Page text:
How do bad reviews and negative feedback affect you and how do you deal with them?

I love negative reviews! Love them! I love it when people are invested in the story enough to write what didn’t work, and even what they hated. I’ve written a few things that were edgy and have received feedback that was mostly about how unpleasant the story was and how it made them feel. It gave me ideas on how to revise the story—but I loved that I got such strong reactions. Those reactions mean that they read the story!

Honestly, sometimes people just have opinions, and it is okay to listen, see their point—and stay on your target. A recent story with a deliberately ambiguous ending generated a lot of responses of “But what happened at the end? Who made the ultimate decision?” There are enough clues to suspect two people. But not enough to say which one. It is the ultimate question we are presented with when we are an observer and do not have all the facts. What we choose is very often the result of who we are!

How has your creation process improved over time?

Yes. I know I can write something given a prompt or idea, but I don’t have to sweat it. So I’ll just keep a notebook around and write ideas as they come up, then incorporate them as needed. I’m not under the gun and I don’t have someone who say “You need to be better.” My mind is my creative engine, and we’ll come up with something from my awareness and from all the hidden places with all the secrets!

What were the best, worst and most surprising things you encountered during the entire process of completing your book(s)?

Ugh. I spend way too much time developing backstories and characters. The most common objection to my work is that there are too many characters, and I struggle to kill the darlings. I love that I come up with surprising (to me) stories, where I had no idea what I’d write until the moment when I sit down to write. And I love that I get to write.

Do you tend towards personal satisfaction or aim to serve your readers? Do you balance the two and how?

BOTH. But for different values.

I have a story I want to tell. I want to tell that story as clearly and distinctly as possible. I want the people in my stories to live, and their lives to matter—even though they don’t really exist!

And I want my readers to feel my story and my characters. I don’t want to dazzle them. I want to embrace them and have them come into the story with me—to see my characters, to love them or hate them—and to be emotionally moved by their lives. One of the things I’m most proud of is a reader-friend who punched me in the arm after reading one of my works, saying “How could you have killed off [X]?” If I can get readers to feel that passionately, then I’ve done my work as an artist.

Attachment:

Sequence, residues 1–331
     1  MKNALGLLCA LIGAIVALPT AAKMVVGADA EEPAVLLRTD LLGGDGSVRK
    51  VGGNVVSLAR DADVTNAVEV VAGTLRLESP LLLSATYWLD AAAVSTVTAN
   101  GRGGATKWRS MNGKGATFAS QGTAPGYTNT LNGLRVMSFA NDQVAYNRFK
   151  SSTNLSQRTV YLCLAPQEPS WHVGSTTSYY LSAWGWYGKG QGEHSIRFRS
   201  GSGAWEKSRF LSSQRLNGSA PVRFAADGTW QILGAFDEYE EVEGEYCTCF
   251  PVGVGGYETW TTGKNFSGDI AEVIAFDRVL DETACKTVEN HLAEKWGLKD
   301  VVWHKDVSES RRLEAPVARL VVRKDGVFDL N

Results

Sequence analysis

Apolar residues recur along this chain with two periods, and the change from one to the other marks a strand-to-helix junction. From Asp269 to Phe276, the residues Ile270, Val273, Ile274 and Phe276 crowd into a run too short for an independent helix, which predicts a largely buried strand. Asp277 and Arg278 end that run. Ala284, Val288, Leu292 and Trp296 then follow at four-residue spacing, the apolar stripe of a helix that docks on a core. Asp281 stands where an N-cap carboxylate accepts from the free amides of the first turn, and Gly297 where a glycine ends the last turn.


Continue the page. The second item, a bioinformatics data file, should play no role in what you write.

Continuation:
What role do emotions play in creativity?

EVERYTHING. I want to feel what I’m writing, and why. Words by themselves are not good enough. Emotions are what connect us to living and beauty and love and truth. That’s what I look for when I write.

Do you have any creativity tricks?

Go for a walk. Go ride a bus or train, take a notebook and pen, and just watch. Write your feelings and observations. Let people tell you their stories by what they do and where they go. Those people are real-life stories, and they are the people I want to write my stories about.

What are your plans for future books?

A sequel to my first novel. A murder mystery set in Seattle’s theatre scene. A developed screenplay based upon some of my short scripts.

Tell us some quirky facts about yourself

I’ve never been someone to say “This is my career and life and way.” I just do what’s interesting, and have done a bazillion things in my life because it looked like something I wanted to try. One day I’ll figure out what my job should be, but for right now, I’m just doing what makes sense to me in the moment.

Books and works in print Stars in the Texas Sky (novel) When the Stars First Fell (prequel to “Stars”) River of Dreams: Essays, Short Stories, and Flash Fiction Mountains of the Moon: Thoughts About the Journey Take a Mind Trip: Book a Fantasy – An anthology containing my short story SHE WHO MADE THE LAND HER HOME Only a Mother’s Love (short story mash-up sci-fi/true crime) Clay Pots (short story of broken relationships that would be healed) Essay about whether what we feel is as important as what we think and how we act. A featured story on Medium. Essay about becoming aware of social issues. An Editor’s Pick on Medium.

WebSITE – I write here of whatever interests me. Having my own site means I don’t have to please a publisher or editor. 😉